06 April 2017

In re Arck Estrela Limited – untangling a fraudster’s web of trust and corporate structures

Carey Olsen continues to operate at the forefront of offshore asset recovery work and the development of insolvency law and process in Jersey.

In this case, the firm was instructed by the English liquidators of Arck LLP (in liquidation) to assist in the recovery of assets misappropriated from a large number of British investors and channelled through Jersey corporate and trust structures as part of a fraudulent collective investment scheme.

Arck LLP was an English Limited Liability Partnership used as a vehicle by Richard Clay and Kathryn Clark to defraud several hundred retail investors of close to £50 million on the bogus promises of substantial investment returns from offshore property investments. Clay was the driving force behind the fraud and was sentenced to 10 years and 10 months in prison by the English Crown Court following an investigation by the Serious Fraud Office, Financial Conduct Authority and other agencies, while Clark as a willing deputy was given a two year suspended sentence.

A substantial part of the LLP investors’ money was funnelled through Jersey companies, purportedly to invest in tourism real estate assets in the Cape Verde Islands. The complex structure of corporate and trust vehicles put in place by the fraudsters stood between the UK liquidators and any chance of recovering any value. But Jersey lacks a creditor driven insolvency process which would have allowed the English liquidators of the LLP, as creditors with a claim of £27 million, to appoint a private law liquidator into the Jersey companies. A further complication was that all of the target Jersey companies had been dissolved by the Jersey Regulator having failed to file statutory returns.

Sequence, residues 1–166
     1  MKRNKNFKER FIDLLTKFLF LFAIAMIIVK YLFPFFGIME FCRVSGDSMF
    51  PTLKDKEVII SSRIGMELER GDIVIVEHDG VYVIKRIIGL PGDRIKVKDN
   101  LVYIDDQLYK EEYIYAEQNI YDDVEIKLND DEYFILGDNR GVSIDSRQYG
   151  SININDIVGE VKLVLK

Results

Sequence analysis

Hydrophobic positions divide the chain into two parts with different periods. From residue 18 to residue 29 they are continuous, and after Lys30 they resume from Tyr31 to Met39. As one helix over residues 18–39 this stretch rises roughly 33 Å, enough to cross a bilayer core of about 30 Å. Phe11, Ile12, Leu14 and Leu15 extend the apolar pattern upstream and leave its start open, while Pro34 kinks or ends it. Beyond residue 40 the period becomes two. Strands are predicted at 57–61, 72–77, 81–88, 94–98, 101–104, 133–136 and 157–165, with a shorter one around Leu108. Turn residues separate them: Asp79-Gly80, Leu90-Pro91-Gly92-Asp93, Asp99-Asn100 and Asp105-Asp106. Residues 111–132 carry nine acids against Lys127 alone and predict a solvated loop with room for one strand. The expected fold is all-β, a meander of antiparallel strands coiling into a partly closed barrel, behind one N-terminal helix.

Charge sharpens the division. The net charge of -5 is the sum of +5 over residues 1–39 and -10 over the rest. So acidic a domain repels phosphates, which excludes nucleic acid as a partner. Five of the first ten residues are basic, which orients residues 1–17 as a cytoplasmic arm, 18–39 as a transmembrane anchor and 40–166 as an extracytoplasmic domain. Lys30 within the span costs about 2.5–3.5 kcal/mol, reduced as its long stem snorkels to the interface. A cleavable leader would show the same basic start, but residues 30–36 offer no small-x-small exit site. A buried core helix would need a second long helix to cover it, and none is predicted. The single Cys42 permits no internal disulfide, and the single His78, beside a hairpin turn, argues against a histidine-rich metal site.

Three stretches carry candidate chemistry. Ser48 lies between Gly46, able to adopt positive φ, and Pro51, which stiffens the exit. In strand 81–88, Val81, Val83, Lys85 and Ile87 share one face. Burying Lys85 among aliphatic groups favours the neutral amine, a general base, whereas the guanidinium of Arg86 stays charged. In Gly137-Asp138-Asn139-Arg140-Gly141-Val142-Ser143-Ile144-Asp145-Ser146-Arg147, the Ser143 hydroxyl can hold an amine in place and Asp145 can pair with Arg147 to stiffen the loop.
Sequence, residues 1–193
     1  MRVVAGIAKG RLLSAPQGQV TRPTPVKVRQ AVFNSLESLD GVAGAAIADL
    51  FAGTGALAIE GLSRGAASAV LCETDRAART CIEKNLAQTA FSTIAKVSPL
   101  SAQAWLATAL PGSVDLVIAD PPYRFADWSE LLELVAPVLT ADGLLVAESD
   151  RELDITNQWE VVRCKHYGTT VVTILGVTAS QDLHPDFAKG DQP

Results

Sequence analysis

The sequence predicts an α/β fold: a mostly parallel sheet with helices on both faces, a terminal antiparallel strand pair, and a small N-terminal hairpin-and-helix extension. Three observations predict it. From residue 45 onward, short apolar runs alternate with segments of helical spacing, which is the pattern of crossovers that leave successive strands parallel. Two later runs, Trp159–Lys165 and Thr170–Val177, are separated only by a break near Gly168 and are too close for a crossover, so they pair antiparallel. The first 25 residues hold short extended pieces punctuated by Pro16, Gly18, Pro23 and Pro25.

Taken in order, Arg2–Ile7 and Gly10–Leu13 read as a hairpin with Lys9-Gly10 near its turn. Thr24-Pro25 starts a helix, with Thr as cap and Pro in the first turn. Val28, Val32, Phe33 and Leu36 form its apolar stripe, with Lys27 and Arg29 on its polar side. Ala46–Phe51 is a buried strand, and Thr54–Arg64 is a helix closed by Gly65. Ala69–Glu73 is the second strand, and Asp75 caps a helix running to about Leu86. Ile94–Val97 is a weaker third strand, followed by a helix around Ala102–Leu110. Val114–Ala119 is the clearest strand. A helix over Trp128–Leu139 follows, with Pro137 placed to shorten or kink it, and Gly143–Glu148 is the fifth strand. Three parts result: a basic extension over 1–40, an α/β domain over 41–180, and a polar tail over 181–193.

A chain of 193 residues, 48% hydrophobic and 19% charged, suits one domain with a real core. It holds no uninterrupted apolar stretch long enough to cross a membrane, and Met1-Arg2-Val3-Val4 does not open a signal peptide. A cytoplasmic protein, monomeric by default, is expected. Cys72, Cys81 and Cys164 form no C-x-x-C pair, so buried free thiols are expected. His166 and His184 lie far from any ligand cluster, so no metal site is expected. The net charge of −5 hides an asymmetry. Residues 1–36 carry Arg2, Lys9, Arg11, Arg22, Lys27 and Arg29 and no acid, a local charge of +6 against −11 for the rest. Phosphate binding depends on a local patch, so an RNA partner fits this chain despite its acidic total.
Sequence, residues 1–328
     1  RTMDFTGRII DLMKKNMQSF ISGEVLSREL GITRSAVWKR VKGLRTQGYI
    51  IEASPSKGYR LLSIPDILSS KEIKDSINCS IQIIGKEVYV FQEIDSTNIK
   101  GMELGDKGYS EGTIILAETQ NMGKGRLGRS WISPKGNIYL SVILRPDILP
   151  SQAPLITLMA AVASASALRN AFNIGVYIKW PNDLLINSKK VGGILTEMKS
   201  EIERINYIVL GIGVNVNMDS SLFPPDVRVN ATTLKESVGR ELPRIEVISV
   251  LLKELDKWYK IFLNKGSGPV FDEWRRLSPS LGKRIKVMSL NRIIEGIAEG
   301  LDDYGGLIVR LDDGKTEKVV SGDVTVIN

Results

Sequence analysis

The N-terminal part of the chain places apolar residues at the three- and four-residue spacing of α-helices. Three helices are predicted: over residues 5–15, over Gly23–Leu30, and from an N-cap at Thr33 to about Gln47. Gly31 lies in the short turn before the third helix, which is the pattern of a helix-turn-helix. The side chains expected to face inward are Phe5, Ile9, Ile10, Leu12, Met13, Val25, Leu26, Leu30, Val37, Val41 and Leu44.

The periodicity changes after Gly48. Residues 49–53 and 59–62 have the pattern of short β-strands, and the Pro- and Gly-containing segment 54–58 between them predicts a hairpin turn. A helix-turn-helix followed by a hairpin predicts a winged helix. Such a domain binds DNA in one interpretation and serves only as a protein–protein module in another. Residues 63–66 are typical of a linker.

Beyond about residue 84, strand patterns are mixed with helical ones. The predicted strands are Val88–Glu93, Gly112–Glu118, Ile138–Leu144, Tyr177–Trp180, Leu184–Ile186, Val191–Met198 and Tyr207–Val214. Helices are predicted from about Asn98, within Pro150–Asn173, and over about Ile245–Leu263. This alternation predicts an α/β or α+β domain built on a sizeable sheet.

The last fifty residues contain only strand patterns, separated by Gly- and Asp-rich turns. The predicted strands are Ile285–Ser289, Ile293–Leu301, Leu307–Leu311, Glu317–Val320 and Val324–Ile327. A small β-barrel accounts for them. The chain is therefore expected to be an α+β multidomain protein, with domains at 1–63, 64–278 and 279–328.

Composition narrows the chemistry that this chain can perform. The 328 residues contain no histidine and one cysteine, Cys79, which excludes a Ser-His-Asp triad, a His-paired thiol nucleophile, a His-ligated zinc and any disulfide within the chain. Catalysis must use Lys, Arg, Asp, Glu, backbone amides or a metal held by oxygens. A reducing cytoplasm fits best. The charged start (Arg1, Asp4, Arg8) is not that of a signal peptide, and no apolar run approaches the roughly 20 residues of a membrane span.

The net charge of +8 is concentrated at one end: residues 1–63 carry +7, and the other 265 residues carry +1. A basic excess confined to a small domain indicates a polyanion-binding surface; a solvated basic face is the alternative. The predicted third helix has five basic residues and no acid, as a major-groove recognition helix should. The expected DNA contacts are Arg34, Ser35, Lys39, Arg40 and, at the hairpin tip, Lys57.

The dissolved Arck Estrela Limited (“Estrela”) was thought to be the asset holding entity. Assuming Estrela could be restored, the only available route into the assets was for the Court to appoint a liquidator using Art.155 of the Companies (Jersey) Law 1991, to wind up Estrela on the grounds it was just and equitable to do so.

While the LLP liquidators had sufficient standing to apply to restore the Jersey companies on existing principles, the Royal Court was reluctant to make the order without a plan to recover value for the creditors. Simply restoring the company to obtain a paper judgment was not sufficient as there would be no benefit to the creditors in the absence of identified assets within the jurisdiction. It was clear from the outset that the Royal Court would only restore Estrela if a mechanism could be ascertained to recover value by engaging the statutory investigatory and remedial powers of a liquidator.

Typically only the target Jersey company, its shareholders or directors can apply under Art.155 for a Court appointment of a liquidator into a Jersey company. The LLP’s liquidators needed to become registered shareholders before making the application but the majority of Estrela’s shares were held by other dissolved corporate entities or defunct offshore trusts.